Ricki
Brett is a good kid at heart, but her big mouth gets her in a lot of bad places. An eighth grader, she encounters a problem that many junior high kids face--she and her best friend are growing apart. I liked this book but it didn't feel unique, and I wonder if I will remember the plot in a month. I did enjoy how Padian included great vocabulary words.
Daria
This book got off to a bit of a slow start for me, but once it got going I really liked it. Brett is a spunky character who struggles with making the right choices and navigating all of the changes and challenges of junior high. And, her relationship with her Nonna reminded me of my relationship with my g-ma, which made me both smile and cry.
Elizabeth
Oct 23, 2011 Elizabeth rated it 5 of 5 stars
Recommends it for: everyone
Recommended to Elizabeth by: Volunteer State Book Award list
I really LOVED this book! Wonderfully real and open heroine. Believable situations and setting. And there's no cutesy let's-tie-all-our-little-loose-ends-together ending to this story. And while I know that it's a YA book, I think that it is well-written enough that adults will find it worthwhile reading.
Beverly Ploughe
I really enjoyed this book! I think most middle school girls (and even some boys) will. We all knew people in middle school like the characters in the book, and watching Brett redefine herself is very engrossing. Yes, it has some sad parts, but I found it hard to put this one down. Very enjoyable!
Kate
Despite having a horrible cover which will surely never entice teens to even give this book a second glance, the story is absolutely wonderful. It has all the great elements of sadness and humor and is a well written story about maturing, losing friends, and dealing with the imminent death of a loved one.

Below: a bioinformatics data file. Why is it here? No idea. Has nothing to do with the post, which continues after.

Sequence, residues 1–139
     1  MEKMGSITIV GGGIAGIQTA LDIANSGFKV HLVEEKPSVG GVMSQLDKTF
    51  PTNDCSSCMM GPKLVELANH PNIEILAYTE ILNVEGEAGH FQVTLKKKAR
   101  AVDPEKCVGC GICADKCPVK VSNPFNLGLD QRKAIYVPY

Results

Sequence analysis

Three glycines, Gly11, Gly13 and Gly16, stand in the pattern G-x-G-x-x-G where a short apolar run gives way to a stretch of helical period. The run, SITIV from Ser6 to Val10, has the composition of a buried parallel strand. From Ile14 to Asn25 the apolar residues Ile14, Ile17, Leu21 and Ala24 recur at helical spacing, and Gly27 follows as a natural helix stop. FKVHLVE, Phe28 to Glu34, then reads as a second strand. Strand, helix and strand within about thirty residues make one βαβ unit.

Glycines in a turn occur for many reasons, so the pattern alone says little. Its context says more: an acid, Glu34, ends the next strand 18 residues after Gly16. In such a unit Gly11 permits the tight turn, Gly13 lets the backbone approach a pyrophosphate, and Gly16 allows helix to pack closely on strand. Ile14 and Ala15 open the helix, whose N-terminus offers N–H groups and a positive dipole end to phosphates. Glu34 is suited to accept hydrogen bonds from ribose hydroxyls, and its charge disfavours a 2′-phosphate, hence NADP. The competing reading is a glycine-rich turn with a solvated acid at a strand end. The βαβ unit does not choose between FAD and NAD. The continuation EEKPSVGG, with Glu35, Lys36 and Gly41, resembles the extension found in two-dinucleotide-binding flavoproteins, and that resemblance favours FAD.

Nancy Sebert
This book is perfect for a middle schooler dealing with friendships, family and identity. I liked the realism of the main character and the connection she has to her grandmother. Plus it takes place in Maine! An excellent choice for kids (girls) who like realistic fiction.
Jennifer
Decent book on a new sort of teen girl. Not filled with typical boy angst. The voice was confusing - couldn't tell if it was an adult looking back on her younger years or not. Enjoyed the grandmother character and Maine setting. I would definitely recommend it to teenage girls.
Samantha
MSBA nominee 2009-2010

I liked this book a lot. Brett is in 8th grade, a soccer star and vocabulary geek. One little prank, however, and her life starts to change, with a lot of her former definitions of herself going astray. Who is this new Brett McCarthy?
Flash Mitchell English
Brett is terrific, such a sympathetic character on a personal level, even though she's nothing like I was at 14 (quiet, good student, terrible athlete). I like the author's use of Brett's vocabulary words to set the tone for each chapter.
Jeff Raymond
An interesting YA read about a sort-of coming-of-age deal. Has a bit of the requisite “special snowflake” thing going, but as the type of story it is, it ain’t bad. First YA book to talk about medical marijuana that I’m aware of, though.
Lynn Johnson
Loved it! Can't believe it is too old for the SSYRA list, never saw it until this book fair.
Jess
Middle School drama plus family drama. Realistic characters made it a good quick read.
Melissa
I really liked it. The grandmother was so sympathetic...good for book club
Peggy
Loved this Young Adult novel written by a Maine Author.
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Mock Printz 2 7 Feb 15, 2008 03:11PM